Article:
Creating Kehmistry that mom could be proud of
By Gabey Goh January 2, 2014
- New mobile dating app hopes to spark connections in Malaysia and Singapore
- Open to funding and eyeing dominance in South-East Asia within two years
MOBILE dating apps have become the flavour of the moment for investors, with the past months bearing witness to a few funding deals for Asia-born apps that help people find partners.
Last year, Thailand-based Noonswoon raised US$400,000 from various investors to fund its regional expansion plans; while another South-East Asian offering by Singapore-based Paktor is already jostling for regional dominance.
Alongside these localised offerings are apps from US-based companies such as OKCupid which offers a mobile extension of its main website, flirting app Skout and Tinder, a matchmaking app that facilitates anonymous communication between users.
There are dozens more dating apps available in the market, so the question remains, is there room for one more in South-East Asia?
The team behind Malaysia-Singapore venture Kehmistry, a new mobile dating app that’s slated to come out of closed beta to general availability very soon, believes there’s plenty.
In an interview with Digital News Asia (DNA), Kehmistry cofounder Shanker Joyrama was the first to admit that there are many, many dating apps in the market, but points out that it remains a highly fragmented space.
“Yes there are a lot of apps out there but in terms of target users and usage cases, they all cater to different consumer segments,” he said.
In his opinion, apps such as Skout, Tinder and Paktor work better as a source for flings or 'hook-ups,' while other apps such as Between caters to couples only; and the others are more suitable for finding new friends over prospective partners.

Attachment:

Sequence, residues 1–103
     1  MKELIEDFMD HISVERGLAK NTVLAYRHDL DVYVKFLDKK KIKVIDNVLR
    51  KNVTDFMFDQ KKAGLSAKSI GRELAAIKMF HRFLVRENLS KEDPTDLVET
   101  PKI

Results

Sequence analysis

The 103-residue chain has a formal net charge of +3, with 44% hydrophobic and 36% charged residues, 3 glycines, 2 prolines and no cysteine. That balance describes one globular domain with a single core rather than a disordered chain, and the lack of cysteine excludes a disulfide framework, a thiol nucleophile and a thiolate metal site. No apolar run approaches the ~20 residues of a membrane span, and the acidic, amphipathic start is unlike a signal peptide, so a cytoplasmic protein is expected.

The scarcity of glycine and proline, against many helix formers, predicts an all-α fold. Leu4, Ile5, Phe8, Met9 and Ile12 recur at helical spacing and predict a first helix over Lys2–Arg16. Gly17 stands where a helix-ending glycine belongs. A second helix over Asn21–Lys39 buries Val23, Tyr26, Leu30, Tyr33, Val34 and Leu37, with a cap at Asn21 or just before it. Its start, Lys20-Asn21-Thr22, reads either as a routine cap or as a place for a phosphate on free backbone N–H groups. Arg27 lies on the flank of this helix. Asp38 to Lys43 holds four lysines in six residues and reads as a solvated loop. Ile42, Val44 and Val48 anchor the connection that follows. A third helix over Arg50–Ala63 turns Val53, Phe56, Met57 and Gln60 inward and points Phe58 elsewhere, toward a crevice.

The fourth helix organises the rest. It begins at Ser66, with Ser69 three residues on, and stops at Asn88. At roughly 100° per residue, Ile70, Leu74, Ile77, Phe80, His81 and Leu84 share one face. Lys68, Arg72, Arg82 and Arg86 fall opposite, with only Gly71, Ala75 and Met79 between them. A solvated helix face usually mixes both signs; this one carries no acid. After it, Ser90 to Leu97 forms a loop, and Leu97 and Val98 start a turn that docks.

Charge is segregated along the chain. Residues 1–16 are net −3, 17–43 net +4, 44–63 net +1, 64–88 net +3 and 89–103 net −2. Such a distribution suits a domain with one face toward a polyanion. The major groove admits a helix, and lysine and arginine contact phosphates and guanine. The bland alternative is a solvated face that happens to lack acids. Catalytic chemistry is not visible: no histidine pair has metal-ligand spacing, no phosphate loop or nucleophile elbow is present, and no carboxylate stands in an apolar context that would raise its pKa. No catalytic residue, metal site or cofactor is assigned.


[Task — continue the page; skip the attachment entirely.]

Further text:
Popular dating websites such as OKCupid and Match.com, are still navigating the transition to mobile and are usually not ideal for Asian users seeking matches.
“Sure, there’s more money to be made in doing a hook-up app, but that’s not a segment that we want to go into. It’s about the karma element as well -- we want to do something that is morally right and something that even our mothers would be proud of,” Shanker said.
Kehmistry is being positioned as a 'pure dating app,' targeted at busy middle-class urban professionals between 24 and 35 years of age.
“In Malaysia, if you were out somewhere and wanted to chat a girl up, chances are she won’t layan (accomodate) you. So we wanted to create an app that busy people our age would not be shy to use without hesitation; Kehmistry is meant to spark genuine relationships and is not just focused on the visuals,” he said.
Shanker said that the app, currently in private beta mode, has about 100 users, made up of friends and family, testing the service and reports that since the beta began, they have received one report of a successful match.
“We had wanted to launch the app earlier but needed to put more ingredients in to the soup, so we’re waiting a little longer so we can build out a couple more features,” he added.
The idea to do a mobile dating app, according to Shanker, dates back to just over two years ago when he and cofounder Bernard Lim participated in the AllStars programme.
The AllStars programme was an entrepreneur-run and mentor-driven accelerator that offered successful participants up to RM18,000 in seed funding, alongside mentorship and training.